What is an Oil and Gas Depletion Allowance for Mineral Rights Owners?
If you own mineral rights or oil and gas royalties, then you may be lucky enough to have a large income stream each month for the extraction and sale of precious minerals. When it comes time to pay taxes on your earnings, there are a number of deductions designed to help you keep as much of your earnings as possible. In this article, we are going to focus on fully explaining oil and gas Depletion Allowances as it relates to mineral rights and royalties.
Depletion Allowance Definition
Depletion can be defined as “using up a natural resource through drilling, mining, etc.” The IRS allows for a mineral rights owner to account for the reduction in mineral production through an oil and gas depletion allowance. This allows mineral rights and oil and gas royalty owners to recover the cost from initially high capital investment.
The Two Types of Depletion Allowance for Oil and Gas Royalties
There are two main types of oil and gas depletion allowance: cost and percentage. Mineral rights owners will generally choose whichever method will lead to the highest possible tax deduction.
Cost Depletion Allowance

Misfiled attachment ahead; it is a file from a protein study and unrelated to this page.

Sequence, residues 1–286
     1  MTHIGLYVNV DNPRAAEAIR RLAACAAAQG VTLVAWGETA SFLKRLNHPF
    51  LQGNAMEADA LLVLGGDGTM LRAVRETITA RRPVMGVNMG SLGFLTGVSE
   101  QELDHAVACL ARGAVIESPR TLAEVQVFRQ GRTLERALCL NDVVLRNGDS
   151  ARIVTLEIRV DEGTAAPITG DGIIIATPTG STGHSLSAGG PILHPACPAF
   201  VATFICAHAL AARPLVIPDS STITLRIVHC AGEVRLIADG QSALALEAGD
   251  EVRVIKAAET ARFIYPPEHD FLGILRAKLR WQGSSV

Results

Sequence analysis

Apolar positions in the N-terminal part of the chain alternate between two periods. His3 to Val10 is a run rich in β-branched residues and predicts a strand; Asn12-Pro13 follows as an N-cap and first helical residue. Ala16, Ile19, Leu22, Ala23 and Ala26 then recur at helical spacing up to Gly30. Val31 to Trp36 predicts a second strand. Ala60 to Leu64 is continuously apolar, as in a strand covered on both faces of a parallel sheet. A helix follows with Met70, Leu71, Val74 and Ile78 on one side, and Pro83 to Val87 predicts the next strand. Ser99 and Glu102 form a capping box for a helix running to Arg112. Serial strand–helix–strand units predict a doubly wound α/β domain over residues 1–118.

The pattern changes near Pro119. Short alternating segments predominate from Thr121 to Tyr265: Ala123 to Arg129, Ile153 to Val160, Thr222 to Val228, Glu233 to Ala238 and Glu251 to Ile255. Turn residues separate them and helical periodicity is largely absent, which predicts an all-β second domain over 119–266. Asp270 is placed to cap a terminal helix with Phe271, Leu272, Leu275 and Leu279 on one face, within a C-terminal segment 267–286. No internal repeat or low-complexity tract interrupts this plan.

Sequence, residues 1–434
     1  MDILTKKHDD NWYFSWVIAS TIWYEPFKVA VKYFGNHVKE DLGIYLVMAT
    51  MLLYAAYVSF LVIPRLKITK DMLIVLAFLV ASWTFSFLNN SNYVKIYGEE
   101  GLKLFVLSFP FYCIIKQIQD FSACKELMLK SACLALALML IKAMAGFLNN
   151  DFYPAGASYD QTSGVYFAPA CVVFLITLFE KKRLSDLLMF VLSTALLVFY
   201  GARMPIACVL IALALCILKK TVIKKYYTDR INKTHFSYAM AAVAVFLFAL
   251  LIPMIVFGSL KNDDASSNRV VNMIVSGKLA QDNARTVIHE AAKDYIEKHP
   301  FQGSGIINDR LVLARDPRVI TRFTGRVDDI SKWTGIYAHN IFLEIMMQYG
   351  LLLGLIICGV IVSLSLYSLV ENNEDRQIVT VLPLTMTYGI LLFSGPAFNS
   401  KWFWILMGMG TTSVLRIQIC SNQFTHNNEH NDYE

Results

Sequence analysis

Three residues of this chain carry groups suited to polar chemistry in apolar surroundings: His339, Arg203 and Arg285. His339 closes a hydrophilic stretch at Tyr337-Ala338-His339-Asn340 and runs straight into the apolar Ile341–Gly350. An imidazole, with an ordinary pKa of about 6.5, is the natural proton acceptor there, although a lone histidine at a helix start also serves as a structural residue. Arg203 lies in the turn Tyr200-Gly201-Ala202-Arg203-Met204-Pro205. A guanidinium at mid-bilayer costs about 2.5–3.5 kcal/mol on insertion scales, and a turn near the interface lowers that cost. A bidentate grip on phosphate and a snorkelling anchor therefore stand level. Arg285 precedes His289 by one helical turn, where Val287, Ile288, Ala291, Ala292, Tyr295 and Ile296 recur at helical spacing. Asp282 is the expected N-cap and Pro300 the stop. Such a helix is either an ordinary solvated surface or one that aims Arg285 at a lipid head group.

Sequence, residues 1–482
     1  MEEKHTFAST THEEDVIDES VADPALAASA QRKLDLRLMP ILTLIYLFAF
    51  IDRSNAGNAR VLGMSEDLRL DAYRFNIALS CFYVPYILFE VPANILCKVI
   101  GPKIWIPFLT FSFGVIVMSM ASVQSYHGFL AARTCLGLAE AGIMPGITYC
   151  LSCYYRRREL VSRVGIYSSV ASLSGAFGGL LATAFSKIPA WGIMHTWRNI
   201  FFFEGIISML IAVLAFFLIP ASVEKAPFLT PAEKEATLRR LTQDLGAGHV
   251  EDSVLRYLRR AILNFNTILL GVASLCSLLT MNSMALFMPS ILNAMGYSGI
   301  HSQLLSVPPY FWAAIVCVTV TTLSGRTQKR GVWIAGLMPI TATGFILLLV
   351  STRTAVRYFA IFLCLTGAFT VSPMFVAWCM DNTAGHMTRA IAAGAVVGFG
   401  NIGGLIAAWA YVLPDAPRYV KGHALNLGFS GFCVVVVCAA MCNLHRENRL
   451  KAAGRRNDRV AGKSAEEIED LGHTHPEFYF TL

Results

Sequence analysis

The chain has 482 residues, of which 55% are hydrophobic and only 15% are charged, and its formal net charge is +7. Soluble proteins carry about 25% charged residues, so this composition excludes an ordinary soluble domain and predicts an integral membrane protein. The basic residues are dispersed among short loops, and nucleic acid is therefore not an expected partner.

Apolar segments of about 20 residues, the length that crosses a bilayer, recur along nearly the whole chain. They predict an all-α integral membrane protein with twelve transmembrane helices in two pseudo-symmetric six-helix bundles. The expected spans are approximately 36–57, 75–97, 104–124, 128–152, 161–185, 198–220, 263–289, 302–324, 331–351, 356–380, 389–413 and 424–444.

In a cost depletion allowance, an estimate is made as to what percentage of the valuable reserves can still be recovered from an active property’s subsurface. The taxpayer will take this percentage and apply that to the original cost of their capital investment.
Percentage Depletion Allowance
A percentage depletion allowance is slightly different. Instead of applying a percentage of the estimated remaining minerals to the original investment cost, percentage depletion allowances use a flat rate of 15% of the reserves gross income. If the gross income is high, this allows for percentage depletion users to recover costs that exceed the cost of the original investment.
In percentage depletion, there is a limit on the amount of taxable income as it applies to oil and gas royalty owners. Currently, It is either 65% of your property income, or 100% of your overall income, whichever is smaller without deductions or allowances for depletion.